The antidote for contempt is to build a culture of appreciation around your partner. Being intentional in highlighting your partner's positive qualities and going out of your way to express gratitude for positive actions will go a long way in eliminating contempt for good. Essentially, allow the positive things your partner does be the focus of the relationship, and not the negative things.
When we've been criticized, our initial reaction is to defend ourselves. Becoming defensive is something we've all done at one time or another. When the relationship is in rocky territory, defensiveness is all around it in almost every conversation and every interaction.
Question: "Did you schedule that doctor's appointment you've been talking about?"
Defensive Response: "Listen, you know how busy my day was. Do you think I had time tot think about that? Your day was less busy. Why couldn't you have just done it?"
Non-Defensive Response: "I completely forgot. My day got ahead of me, and I should have asked you to make the appointment for me. That's my fault. I'll call tomorrow."
As you can see, when we take responsibility for our role, it instantly diffuses the situation, which means that the antidote for defensiveness is to take responsibility. It's normal to become defensive when we feel attacked or we're stressed out, but responding defensively doesn't have a positive effect on the relationship. It escalates conflict because it's basically you blaming someone else.
Accept your partner's perspective, admit where you were wrong, and offer an apology if there was any wrongdoing.
The last of the four horsemen is stonewalling, which is a response to contempt. Stonewalling is when the listener completely shuts down. They're no longer listening, and they usually don't respond to their partner. Instead of turning towards their partner and engaging in the conversation, they tune out, act busy, or engage in something else.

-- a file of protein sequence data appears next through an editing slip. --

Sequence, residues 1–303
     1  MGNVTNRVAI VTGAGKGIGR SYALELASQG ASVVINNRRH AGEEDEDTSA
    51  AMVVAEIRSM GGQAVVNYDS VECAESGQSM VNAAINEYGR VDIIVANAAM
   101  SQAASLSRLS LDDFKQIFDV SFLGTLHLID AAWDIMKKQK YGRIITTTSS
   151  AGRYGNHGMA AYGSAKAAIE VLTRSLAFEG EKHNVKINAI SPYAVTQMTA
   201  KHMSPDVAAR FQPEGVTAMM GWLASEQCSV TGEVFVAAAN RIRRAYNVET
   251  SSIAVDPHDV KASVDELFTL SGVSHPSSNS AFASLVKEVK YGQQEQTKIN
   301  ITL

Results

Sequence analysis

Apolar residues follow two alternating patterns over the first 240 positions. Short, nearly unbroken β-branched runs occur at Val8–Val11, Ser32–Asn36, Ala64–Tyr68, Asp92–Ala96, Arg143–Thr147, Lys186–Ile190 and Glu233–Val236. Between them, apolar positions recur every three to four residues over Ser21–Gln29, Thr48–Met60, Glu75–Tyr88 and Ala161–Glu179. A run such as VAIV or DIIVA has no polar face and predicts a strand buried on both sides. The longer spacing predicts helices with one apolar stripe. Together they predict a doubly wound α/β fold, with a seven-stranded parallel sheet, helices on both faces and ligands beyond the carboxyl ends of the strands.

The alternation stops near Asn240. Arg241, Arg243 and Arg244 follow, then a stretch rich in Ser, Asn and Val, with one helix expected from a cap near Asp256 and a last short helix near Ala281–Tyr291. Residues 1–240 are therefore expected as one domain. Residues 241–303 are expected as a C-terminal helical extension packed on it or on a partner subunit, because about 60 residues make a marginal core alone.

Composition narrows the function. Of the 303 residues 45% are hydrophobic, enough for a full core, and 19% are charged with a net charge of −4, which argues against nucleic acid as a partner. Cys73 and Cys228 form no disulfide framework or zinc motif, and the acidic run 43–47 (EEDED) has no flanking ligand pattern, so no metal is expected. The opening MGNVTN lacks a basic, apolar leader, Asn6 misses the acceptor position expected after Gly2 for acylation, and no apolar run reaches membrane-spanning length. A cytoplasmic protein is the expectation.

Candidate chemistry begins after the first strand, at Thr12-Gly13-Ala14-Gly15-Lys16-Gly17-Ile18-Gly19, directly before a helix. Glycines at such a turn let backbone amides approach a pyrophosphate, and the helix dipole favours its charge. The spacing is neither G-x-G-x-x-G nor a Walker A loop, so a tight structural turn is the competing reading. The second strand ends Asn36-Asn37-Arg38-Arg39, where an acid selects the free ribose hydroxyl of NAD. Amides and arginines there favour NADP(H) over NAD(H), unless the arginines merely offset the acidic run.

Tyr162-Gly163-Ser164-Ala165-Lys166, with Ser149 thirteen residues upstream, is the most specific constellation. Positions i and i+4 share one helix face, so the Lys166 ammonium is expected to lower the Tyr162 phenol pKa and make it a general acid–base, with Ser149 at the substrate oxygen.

Stonewalling is a physiological reaction that occurs when we start to feel overwhelmed. Stonewalling can become a bad habit that's difficult to stop, because once we're physiologically flooded, it might even be difficult for us to communicate at all. When we start to feel physiologically flooded during a conversation or argument with our partner and we can sense that we're about to start stonewalling, here's an example of something we can say:
"I'm starting to feel too upset to continue talking about this. Can we take a break for 30 minutes and then come back to this conversation?"
During that break, do something that soothes you. Read a book, go for a run, listen to music, take a shower, meditate, do yoga, whatever it is that's soothing for you, do it! The antidote to stonewalling is self-soothing. If we learn how to master soothing ourselves when we become physiologically aroused, it'll help us enter back into hard conversations with a level head and respecting and loving our partner at the forefront of our minds.
Take inventory on if there might be evidence of any of the four horsemen showing up in your relationship. If there is, try practicing the antidotes to the four horsemen you notice in your relationship.
If you're curious to see how well you know your partner, you can take Gottman's Free Relationship Quiz by clicking here. For more Gottman resources, you can visit Gottmanconnect.com.
At Root Counseling, we love working with couples to help them have healthier relationships, gain a better understanding of each other, and work to create goals they can reach together in their relationships. If you're interested in setting up an appointment, you can visit our therapists here.